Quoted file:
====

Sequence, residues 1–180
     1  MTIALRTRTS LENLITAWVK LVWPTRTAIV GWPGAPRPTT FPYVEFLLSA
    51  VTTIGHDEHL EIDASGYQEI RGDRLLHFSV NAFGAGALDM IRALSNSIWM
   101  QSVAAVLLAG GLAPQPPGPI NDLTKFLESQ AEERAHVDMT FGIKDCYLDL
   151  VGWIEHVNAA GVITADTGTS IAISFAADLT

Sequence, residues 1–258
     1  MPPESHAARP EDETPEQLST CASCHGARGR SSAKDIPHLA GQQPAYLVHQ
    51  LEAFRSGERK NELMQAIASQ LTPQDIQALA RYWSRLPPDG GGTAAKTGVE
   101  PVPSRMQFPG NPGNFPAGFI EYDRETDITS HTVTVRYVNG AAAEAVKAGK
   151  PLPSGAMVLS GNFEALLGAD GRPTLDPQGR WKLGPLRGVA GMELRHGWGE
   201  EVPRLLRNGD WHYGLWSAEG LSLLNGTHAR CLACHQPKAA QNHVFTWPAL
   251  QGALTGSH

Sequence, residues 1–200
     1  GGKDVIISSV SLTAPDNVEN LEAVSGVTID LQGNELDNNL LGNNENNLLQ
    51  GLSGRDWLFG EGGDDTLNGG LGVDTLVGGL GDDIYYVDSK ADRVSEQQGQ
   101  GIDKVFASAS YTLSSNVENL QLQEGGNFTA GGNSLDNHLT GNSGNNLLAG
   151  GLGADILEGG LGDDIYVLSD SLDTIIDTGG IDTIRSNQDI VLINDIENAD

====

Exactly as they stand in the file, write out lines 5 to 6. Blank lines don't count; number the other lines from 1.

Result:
   151  VGWIEHVNAA GVITADTGTS IAISFAADLT

Sequence, residues 1–258